15 Ways Homes Will Change Post-COVID
Should I get a birthday cake? My husband asks. One of our kids was coming over with his family to celebrate his birthday. (We’d all been sheltering in place, so this get together was a tiptoe back to quasi reality for us.)
“Uh, no,” I say, then play out the scene: “Here, blow your breath really hard all over this cake, then we’ll serve everyone a piece. The days of birthday cakes and candles are over.”
DC ponders this. “That’s a good point.”
Like many women running households, I now have a new role: germ police. All of the following sentences have flown out of my mouth over the last two months: Don’t touch that! Where have your hands been? Leave that outside. Don’t go to the store; we will make do. Wash up. How much toilet paper do we have? I need some fresh air.
While no one can foresee all the ways homelife post COVID will change, minimizing the spread of germs will certainly be the chief goal. To get a glimpse into how that might translate into homes of tomorrow, I spoke to two forward-looking designers: architect and home builder Phil Kean, of Winter Park, Fla., and Donald Strum, head of product design for Michael Graves Architecture & Design, of Princeton, NJ. Together we identified 15 likely features of the post-COVID home:
Hands-free fixtures – Expect to see more of anything that does not require hands to activate. That includes motion- or foot-activated faucets, automatic flush toilets, motion-sensitive doors, and voice-activated TV remotes and sound systems. “We already have hands-free refrigerators and voice-activated coffee makers,” said Kean. “More will come.”
Keyless entries – Soon, more of us will be opening doors with our phones, or with infrared detection systems.
More sinks – Now that handwashing has become a constant, a half-bathroom or just a sink near a home's entrance will become fairly standard.
Smart toilets and bidets – Ever since The Great Toilet Paper Shortage of 2020, the popularity of bidets and smart toilets have soared and will continue to, said Kean. Today’s smart toilets retrofit to work with existing commodes, so they function as bidets, too.
Hands-free trash cans – Your doctor’s office had it right, Strum said. Step-operated trash cans with self-closing lids will become standard in homes, too.
Non-porous surfaces – Because they are easier to disinfect, plastic cutting boards and non-porous counters will replace wood and butcher block in kitchens.
Better yards – Whether a better-outfitted backyard or front porch, outdoor spaces will get more attention, as folks confined to their homes crave sunlight, fresh air, a change of scenery, and the opportunity to share a socially distant quarantini with neighbors and friends.
Outdoor gardens – Home vegetable gardens will also gain ground, as people try to become more self-reliant, said Strum, who has doubled the size of his own home garden.
Fewer open floor plans –While big open spaces and great rooms have been popular, many homeowners have rediscovered the importance of doors, whether to get some work done, or just to get some space. Privacy is trending.
Dedicated workspaces – The pandemic has driven more telecommuting, and much of that is likely to stick. “We will be rethinking spaces to make sure that those working at home have an office away from household disruptions, and that kids also have a quiet dedicated place to do schoolwork,” Kean said.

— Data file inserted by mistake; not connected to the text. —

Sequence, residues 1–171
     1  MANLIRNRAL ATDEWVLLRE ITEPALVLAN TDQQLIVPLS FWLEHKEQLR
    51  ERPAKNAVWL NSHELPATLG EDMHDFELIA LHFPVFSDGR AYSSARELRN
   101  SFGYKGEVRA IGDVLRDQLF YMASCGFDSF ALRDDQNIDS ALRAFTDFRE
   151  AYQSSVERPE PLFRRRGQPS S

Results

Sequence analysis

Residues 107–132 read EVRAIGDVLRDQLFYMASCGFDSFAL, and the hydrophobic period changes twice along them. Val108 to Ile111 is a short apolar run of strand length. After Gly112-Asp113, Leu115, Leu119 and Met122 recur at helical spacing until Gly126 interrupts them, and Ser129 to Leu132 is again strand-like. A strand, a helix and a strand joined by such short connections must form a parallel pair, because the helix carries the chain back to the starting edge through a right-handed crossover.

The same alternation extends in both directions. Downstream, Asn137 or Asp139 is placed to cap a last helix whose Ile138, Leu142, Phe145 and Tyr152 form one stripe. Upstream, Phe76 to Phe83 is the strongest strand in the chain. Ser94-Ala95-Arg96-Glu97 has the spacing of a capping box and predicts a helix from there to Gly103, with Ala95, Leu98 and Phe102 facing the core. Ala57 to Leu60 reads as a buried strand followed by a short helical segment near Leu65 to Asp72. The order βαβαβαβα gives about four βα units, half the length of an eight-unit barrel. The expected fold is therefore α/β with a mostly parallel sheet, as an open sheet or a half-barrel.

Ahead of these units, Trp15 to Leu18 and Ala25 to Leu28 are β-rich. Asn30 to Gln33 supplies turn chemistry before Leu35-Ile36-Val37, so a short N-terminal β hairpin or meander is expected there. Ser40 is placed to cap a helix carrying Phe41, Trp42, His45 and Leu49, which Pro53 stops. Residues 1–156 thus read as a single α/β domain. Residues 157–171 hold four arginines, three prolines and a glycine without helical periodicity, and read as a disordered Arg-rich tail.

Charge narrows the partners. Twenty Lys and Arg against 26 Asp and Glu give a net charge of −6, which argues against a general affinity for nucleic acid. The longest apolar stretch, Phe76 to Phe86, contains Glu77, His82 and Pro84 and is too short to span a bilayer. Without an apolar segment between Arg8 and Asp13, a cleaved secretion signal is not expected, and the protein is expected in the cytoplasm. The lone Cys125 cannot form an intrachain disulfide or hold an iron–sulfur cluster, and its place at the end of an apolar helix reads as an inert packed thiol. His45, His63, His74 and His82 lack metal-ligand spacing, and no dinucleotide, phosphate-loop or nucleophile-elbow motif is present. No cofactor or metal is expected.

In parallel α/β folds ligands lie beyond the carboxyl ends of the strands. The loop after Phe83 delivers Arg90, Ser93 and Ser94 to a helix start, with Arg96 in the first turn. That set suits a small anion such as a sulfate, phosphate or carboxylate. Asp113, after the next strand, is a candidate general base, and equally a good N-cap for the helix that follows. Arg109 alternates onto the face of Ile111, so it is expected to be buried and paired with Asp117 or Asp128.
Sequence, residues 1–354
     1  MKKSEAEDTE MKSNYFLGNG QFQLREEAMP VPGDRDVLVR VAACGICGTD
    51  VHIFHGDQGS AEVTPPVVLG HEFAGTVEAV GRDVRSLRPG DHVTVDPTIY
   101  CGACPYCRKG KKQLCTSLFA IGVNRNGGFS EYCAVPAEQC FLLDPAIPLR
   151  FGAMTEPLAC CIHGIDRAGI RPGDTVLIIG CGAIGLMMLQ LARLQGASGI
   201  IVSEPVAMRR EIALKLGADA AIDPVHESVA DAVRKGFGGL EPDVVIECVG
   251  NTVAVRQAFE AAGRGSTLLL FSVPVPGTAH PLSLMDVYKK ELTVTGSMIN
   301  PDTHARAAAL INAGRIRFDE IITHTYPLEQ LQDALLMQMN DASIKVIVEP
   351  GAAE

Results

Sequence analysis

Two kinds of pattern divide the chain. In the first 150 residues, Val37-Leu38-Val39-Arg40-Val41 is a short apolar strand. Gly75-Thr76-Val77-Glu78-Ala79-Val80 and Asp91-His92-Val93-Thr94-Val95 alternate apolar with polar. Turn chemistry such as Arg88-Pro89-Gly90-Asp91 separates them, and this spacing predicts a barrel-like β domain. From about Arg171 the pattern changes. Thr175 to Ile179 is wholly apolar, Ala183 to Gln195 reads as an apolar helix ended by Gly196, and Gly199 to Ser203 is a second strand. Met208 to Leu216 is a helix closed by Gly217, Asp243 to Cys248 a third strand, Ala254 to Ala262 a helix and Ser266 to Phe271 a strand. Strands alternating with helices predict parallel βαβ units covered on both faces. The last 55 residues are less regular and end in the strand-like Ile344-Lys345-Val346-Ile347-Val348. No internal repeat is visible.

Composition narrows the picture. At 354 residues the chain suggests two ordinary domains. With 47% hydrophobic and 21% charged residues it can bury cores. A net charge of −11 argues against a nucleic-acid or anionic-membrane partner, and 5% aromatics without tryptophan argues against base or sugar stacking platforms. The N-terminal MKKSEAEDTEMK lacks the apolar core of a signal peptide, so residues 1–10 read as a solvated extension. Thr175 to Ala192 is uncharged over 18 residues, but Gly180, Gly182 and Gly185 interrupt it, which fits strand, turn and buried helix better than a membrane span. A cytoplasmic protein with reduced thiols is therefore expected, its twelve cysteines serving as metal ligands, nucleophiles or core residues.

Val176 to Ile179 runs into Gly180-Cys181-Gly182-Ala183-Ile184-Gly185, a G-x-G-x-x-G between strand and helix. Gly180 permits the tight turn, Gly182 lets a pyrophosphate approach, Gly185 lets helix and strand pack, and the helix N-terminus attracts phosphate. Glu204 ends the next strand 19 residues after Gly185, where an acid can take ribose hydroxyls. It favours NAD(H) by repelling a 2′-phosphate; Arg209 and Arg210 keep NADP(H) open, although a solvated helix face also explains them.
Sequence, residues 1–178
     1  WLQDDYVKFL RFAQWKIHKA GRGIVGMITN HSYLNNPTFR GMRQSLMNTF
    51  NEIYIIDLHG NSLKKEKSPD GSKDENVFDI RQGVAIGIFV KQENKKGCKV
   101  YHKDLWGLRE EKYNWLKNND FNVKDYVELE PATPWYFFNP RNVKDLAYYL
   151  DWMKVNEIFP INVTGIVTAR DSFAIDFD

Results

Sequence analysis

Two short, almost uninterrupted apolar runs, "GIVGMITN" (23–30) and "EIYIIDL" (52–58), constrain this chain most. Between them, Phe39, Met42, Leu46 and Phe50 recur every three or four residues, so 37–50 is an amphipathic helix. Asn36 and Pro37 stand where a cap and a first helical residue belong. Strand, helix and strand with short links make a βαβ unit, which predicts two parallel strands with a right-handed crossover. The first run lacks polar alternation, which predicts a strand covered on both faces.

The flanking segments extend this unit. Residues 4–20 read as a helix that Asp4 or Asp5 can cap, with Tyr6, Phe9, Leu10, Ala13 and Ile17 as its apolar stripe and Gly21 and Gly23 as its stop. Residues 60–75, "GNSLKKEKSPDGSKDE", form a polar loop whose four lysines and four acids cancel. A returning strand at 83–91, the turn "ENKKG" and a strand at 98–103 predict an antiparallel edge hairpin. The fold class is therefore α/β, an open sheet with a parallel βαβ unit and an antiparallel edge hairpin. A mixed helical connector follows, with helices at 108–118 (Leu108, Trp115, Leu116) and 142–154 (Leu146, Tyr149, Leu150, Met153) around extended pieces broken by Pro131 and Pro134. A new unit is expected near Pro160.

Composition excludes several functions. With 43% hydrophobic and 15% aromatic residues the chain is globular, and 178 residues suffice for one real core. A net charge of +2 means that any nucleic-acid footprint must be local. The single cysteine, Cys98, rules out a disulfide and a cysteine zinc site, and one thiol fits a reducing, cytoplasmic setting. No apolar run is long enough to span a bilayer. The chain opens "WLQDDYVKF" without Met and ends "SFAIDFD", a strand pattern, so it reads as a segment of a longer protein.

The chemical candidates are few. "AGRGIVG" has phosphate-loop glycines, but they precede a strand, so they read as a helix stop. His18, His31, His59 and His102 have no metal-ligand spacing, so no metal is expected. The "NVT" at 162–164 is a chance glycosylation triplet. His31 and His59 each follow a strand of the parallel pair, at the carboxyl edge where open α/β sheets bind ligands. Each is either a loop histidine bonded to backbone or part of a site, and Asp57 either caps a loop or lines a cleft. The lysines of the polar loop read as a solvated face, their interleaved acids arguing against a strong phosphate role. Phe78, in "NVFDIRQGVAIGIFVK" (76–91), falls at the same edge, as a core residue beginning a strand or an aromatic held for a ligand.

Zoom zones – Homes today suddenly need Zoom appeal. Thus, having a designated, publicly presentable space for teleconferencing that doesn’t capture dirty dishes or unmade beds, and that minimizes yapping pets and noisy kids, will become de facto. “Now if only someone could do something about the landscapers who show up with their blowers and mowers during important phone calls,” Strum added.
More food storage – Food-hoarding during the pandemic has given way to a desire for more pantry and freezer space. Bigger, better pantries will address our need to store more nonperishables, so we feel more secure. Future homes will likely also have more freezer space to store perishable food.
Delivery rooms – “We need to change the way we accept deliveries, so we don’t have to meet the delivery person,” said Kean, who imagines homes having a giant drop box, or maybe a room adjacent to the house. The area should have a way to directly discard packaging into outdoor waste receptacles.
A shift to the suburbs – The pandemic has raised concerns about close living, driving up interest in housing away from densely populated cities, experts say. As our homes have had to serve as offices, classrooms, gyms and isolation rooms, and as college kids have come home for extended stays, and as we’ve witnessed the impact that communal living has had on nursing homes, home buyers are going to be looking for more room to house both our pastimes and our extended families, Kean said. The desire for more house coupled with fewer workers commuting to jobs will also drive a move to the suburbs, where you can buy more house for less money.
A cupcake comeback – And, yes, years from now we will view the act of blowing out dozens (well, in my case) of candles on a birthday cake as high-risk behavior, up there with hugging and shaking hands. My bet is we’ll see more cupcakes, and that birthday celebrants will need to make a wish and blow out candles stuck in something we don’t eat.
MEA CULPA -- In last week’s column on ceiling fans, I got the information about fan-blade spin backwards. If you are looking up at your fan, blades should turn counterclockwise in warm months.
Quiet, I’m working -- The pandemic has pushed the need for a dedicated home office up higher in the list of priorities for many homeowners. Photo Uneek Image/courtesy Phil Kean Design Group
No-hands -- Step-operated trash cans with self-closing lids, like this one, will become the standard in homes. Photo courtesy of Michael Graves Architecture & Design.